Obviously we need to maintain the high-quality of material that is posted to internet--published documents, press releases, etc. But perhaps the intranet could be a place where information is shared on a quicker, more informal basis. One time when I was in Sierra Leone, Niall (former country director) said that he thought that the intranet should be updated so often and have such useful information that field staff would make it their home page. I think that there are so many ways to make the intranet an exciting and useful place (not that forms are not useful and exciting, because they are.) For example, what about chat rooms or bulletin board for country directors and other field staff to post questions or ideas. Or what about moving DemForum away from an email format an onto the website where people can comment freely on articles without feeling like they are clogging their colleague's in boxes. What about developing a system to provide daily (or even more frequent) updates on programs and politics in countries that are making headlines as elections or other events approach, such as West Bank, Ukraine or Togo. There could also be a way for NDI staff in DC and around the world to comment on these events.

I know that none of these are new ideas. And of course I realize that a dynamic intranet would be a little unweildly, and probably require more staff dedicated to keeping it current, but I think that as NDI expands around the world we should look for ways to bring all these people together. In talking with field staff, I get the impression that they feel pretty remote at times.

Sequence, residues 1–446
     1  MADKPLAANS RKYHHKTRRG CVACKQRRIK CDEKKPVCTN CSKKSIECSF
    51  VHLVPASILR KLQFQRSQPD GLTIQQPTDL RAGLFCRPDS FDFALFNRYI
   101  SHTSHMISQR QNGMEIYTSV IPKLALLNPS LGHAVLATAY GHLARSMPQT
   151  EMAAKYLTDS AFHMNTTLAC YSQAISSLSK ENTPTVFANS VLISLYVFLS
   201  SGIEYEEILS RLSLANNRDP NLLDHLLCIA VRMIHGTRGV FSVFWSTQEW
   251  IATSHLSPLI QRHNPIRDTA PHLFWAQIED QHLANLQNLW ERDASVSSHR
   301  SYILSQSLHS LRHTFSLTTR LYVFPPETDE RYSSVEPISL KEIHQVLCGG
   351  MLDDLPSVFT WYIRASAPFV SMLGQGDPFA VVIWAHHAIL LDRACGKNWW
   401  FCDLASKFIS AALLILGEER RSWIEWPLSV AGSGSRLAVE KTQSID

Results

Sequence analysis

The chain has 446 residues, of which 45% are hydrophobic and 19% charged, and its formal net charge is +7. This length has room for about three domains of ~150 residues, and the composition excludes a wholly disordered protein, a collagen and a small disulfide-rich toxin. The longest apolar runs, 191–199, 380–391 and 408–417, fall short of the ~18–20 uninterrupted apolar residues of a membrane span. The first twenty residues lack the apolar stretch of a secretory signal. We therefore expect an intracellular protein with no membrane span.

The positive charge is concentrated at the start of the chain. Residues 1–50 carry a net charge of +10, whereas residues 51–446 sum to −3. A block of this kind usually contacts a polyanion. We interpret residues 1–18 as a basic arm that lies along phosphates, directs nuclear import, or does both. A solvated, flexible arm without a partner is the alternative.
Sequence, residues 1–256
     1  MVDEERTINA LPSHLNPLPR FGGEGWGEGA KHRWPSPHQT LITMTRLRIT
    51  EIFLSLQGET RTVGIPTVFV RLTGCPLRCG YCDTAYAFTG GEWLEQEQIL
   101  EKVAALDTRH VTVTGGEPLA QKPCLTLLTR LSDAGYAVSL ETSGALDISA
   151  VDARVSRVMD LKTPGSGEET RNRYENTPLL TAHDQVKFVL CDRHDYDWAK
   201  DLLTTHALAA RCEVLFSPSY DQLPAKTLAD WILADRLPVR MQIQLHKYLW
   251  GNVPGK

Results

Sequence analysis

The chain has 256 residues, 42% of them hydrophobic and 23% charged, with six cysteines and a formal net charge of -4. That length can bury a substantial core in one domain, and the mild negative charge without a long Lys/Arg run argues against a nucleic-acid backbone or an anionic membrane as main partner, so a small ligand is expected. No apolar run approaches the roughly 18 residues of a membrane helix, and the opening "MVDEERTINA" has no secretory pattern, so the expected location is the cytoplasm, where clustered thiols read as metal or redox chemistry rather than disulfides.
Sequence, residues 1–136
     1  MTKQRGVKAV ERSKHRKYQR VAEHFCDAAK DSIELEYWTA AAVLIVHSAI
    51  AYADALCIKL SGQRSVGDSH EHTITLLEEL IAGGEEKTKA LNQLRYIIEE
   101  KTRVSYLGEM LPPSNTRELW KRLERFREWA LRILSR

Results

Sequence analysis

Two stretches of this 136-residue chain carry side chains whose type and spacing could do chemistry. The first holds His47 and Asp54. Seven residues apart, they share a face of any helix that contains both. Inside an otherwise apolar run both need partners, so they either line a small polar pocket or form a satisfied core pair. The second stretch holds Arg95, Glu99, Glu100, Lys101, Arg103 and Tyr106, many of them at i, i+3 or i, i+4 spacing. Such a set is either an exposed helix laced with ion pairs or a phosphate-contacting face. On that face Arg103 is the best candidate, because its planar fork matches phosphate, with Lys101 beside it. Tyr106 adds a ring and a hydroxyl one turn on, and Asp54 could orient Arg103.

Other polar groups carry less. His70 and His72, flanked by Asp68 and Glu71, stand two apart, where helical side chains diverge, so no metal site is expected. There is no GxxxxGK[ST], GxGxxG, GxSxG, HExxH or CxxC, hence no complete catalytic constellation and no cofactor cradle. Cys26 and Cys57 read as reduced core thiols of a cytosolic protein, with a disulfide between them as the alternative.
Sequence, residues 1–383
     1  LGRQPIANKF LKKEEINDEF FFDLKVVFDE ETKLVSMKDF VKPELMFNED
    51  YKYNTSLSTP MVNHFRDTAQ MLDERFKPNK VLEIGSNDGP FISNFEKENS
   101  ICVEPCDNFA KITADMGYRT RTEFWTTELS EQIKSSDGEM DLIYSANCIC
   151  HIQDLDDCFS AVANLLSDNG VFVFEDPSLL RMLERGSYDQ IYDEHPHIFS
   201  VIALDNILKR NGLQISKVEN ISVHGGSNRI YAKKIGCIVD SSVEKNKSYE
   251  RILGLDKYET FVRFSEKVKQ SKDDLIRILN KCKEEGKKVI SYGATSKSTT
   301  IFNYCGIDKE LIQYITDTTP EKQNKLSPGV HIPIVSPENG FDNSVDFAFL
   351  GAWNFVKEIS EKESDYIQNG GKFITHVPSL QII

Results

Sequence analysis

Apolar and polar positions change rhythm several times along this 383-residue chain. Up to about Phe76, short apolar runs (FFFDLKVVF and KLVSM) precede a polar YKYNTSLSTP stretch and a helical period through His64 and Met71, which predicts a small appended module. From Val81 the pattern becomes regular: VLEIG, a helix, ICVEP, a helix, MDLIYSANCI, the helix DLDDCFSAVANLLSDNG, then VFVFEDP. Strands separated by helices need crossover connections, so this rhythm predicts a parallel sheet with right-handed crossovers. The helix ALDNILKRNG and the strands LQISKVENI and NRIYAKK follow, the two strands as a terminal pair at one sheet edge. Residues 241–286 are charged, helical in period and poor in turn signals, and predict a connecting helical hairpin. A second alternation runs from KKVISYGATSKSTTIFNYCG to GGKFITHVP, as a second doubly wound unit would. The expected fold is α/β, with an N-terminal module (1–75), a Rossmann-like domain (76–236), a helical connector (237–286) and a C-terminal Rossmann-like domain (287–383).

10:09 AM  
Blogger Chris said...

I think there is definitely something to this notion of users making more useful input when they can see the markups. We have lots of experience with people mis- or differently interpreting what is included in our requirements docs.

I think the importance of raising all the questions in those conversations that precede the requirements docs are the key. And it is true, the design docs are really for the developers of the site. Maybe we should front-load our project mgmt approach with mark-ups in the very early stage, afer the conversations but possibly in conjunction with our requirements doc. Not a bad idea.

I would also say that limiting the scope of the req docs, and basically investing no more than an hour or two on them as we currently do, is not too much overhead.

3:38 PM  
Blogger Ian said...

Brittany, I use "the site" to refer generically to whatever website I am working on at the moment. Your suggestions on NDI's intranet sites are great. As you suggest, there are many other ideas out there for making the intranet more lively and useful. Part of the challenge to redesigning the intranet is sifting through these ideas to select the right balance of useful tools without overwhelming people with features.

Chris, I agree with that approach. I wouldn't go so far down the Xtreme development road as Fried does. The devil is in the details though. I'm still not quite sure how best to deal with situations where the "clients" aren't quite sure what they want. Determining far we have to go down the development/markup road before we can get more useful input may tend toward art over science.

4:41 PM  
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7:05 AM